Saudis Face Multi-Billion Dollar Lawsuit For Alleged Complicity In World Trade Center Attacks

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The Justice Against Sponsors of Terrorism Act (JASTA) was signed into law last year to give recourse to the victims of terrorism to actually sue the alleged perpetrators. This has put Saudi interests under the gun for the attacks of Sept. 11, 2001, as a multi-billion dollar lawsuit has been filed against them.

Over two dozen U.S. insurers affiliated with Travelers Cos (TRV.N) have filed a massive $4.2 billion dollar lawsuit against the Saudis, according to a Reuters report. Defendents include Al Rajhi Bank 1120.SE, National Commercial Bank 1180.SE, aviation contractor Dallah Avco, the Mohamed Binladin Co, the Muslim World League, and other philanthrophic organizations that supposedly “aided and abetted” the culprits of the 9/11 attacks.

According to Reuters, the Saudi government has a direct controlling interest in one of the organizations being sued. Through the Public Investment Fund, the Saudi Arabian government and its affiliates have a majority stake in National Commercial Bank. 15 of the 19 culprits for the Sept. 11 attacks hailed directly from Saudi Arabia.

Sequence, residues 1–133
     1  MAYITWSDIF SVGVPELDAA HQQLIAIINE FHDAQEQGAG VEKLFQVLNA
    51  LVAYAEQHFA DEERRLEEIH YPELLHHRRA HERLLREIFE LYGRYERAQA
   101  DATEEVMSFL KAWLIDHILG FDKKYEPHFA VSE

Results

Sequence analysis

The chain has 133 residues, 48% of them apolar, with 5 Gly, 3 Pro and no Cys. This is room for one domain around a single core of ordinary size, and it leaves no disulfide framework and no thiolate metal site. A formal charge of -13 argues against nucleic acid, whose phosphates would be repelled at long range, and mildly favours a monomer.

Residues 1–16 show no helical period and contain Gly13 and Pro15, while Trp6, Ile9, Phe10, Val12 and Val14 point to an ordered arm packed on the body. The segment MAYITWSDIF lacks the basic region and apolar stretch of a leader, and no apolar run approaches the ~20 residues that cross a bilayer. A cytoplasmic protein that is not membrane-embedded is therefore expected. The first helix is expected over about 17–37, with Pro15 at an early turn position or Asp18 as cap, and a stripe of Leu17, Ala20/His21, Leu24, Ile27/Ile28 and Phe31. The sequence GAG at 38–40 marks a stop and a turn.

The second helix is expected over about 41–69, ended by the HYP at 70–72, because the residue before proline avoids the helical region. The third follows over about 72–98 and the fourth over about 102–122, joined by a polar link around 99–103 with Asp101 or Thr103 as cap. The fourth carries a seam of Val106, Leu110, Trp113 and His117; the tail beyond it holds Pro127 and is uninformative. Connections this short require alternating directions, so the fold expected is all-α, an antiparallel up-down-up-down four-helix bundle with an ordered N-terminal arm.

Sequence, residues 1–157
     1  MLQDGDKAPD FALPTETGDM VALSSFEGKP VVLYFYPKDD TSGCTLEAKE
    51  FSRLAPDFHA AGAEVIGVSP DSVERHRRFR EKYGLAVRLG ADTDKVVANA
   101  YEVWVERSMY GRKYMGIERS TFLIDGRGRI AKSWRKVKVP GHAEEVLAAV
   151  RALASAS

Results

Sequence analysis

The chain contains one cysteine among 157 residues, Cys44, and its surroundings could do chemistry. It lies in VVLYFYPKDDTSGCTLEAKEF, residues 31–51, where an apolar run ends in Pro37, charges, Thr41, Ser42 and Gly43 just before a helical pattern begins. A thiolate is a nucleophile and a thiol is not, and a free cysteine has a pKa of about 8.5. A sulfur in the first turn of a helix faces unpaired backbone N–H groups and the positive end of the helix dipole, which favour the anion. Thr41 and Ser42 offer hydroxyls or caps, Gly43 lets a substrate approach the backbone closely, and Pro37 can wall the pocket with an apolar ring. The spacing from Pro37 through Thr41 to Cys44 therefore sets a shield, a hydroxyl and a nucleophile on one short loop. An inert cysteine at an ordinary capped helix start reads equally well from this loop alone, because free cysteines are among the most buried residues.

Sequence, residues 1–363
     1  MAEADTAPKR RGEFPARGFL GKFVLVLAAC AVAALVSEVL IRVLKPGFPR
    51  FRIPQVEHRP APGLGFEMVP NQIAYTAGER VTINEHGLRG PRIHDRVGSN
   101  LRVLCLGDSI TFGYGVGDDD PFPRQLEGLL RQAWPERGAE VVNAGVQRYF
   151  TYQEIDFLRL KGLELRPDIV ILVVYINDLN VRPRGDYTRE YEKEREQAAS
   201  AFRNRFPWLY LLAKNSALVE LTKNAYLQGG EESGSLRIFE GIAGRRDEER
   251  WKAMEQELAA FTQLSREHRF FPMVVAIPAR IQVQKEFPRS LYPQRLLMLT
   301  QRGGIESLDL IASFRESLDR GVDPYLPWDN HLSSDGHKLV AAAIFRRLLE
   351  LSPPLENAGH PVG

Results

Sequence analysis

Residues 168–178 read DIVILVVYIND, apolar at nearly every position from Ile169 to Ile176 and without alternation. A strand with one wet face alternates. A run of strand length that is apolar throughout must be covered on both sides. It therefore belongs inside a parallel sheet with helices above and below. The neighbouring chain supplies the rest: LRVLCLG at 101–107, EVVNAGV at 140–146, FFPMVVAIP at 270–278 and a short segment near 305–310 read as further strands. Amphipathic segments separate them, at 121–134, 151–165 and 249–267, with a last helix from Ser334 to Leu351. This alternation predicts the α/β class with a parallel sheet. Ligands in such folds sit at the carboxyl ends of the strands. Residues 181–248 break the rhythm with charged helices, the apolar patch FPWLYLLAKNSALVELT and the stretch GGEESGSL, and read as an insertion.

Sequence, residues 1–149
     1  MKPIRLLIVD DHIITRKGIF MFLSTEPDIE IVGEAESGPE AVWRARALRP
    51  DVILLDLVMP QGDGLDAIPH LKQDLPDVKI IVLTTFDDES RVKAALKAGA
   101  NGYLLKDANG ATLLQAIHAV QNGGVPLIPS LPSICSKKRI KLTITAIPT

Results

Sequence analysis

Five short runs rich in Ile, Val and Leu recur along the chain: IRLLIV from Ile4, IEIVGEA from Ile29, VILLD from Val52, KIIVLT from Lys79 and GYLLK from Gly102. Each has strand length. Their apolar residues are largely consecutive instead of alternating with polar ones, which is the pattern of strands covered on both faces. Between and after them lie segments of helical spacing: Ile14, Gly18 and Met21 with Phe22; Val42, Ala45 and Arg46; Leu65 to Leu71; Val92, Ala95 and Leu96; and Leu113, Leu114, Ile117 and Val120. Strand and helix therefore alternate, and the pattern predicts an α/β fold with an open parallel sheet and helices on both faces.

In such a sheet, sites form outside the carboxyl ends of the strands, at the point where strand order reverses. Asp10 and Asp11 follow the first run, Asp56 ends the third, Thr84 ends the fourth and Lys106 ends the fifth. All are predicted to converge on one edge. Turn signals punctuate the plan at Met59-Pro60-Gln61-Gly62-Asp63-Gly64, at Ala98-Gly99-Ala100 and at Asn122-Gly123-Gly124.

The Saudi government was put in the spotlight after 28 pages from a joint congressional inquiry about Sept. 11 were released to the public last year. Despite being partially redacted, those pages outlined a multitude of connections between the Saudi government, royal family, suspected Saudi intelligence, and the 9/11 hijackers.

Liberty-minded Rep. Thomas Massie (R-KY) has emerged as a strong an advocate for increased transparency related to the Sept. 11 attacks. He said, “We have to decide how to prevent another [Sept. 11] type event from happening, and until you have the full picture of what actually happened… How can you participate in that debate? How can we know what we will do will prevent another [Sept. 11] from happening?”

With alleged culprits of terrorism such as the Saudi government now being held accountable in the court of law, this new legal mechanism may emerge as a harsh deterrent against foreign governments supporting these types of attacks.

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